Background: Low spontaneous EEG theta/beta ratio (TBR) is associated with greater executive control. Their role in regulation of attentional bias for stimuli of different threat-levels is unknown.
Objectives: To provide the first relations between frontal TBR, trait anxiety and attentional bias to mildly and highly threatening stimuli at different processing-stages.
Methods: Seventy-four healthy volunteers completed spontaneous EEG measurement, a self-report trait anxiety questionnaire and a dot-probe task with stimuli of different threat-level and 200 and 500 ms cue-target delays.
Results: Participants with high TBR directed attention towards mildly threatening and avoided highly threatening pictures. Moreover, the most resilient participants, (low TBR and low trait anxiety) showed attention towards highly threatening stimuli. There were no effects of delay.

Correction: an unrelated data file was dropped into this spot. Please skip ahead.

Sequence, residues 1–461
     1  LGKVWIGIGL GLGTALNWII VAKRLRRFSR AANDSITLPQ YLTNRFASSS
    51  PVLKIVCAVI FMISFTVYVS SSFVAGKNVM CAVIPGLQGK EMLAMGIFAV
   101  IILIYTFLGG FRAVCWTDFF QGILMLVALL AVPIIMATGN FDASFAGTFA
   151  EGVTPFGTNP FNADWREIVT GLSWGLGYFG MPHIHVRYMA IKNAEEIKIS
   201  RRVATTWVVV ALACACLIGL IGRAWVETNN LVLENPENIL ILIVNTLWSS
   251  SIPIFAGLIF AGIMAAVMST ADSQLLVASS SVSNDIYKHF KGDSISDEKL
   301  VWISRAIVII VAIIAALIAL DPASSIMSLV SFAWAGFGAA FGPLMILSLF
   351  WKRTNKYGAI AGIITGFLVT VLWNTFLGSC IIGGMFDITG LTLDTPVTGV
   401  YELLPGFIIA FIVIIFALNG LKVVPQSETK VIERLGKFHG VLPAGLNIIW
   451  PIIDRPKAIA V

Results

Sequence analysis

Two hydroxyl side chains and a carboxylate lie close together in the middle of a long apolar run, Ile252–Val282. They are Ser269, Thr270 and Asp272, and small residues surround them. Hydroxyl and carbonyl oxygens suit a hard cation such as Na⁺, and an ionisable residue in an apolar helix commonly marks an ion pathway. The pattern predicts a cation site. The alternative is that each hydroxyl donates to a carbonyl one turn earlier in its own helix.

Conclusions: These data confirm that executive control is crucial for the study of threat-related attentional bias and further support the notion that TBR is a marker of cognitive control over emotional information.
Keywords: Anxiety; Attentional bias; Attentional control; EEG; Theta/beta ratio.
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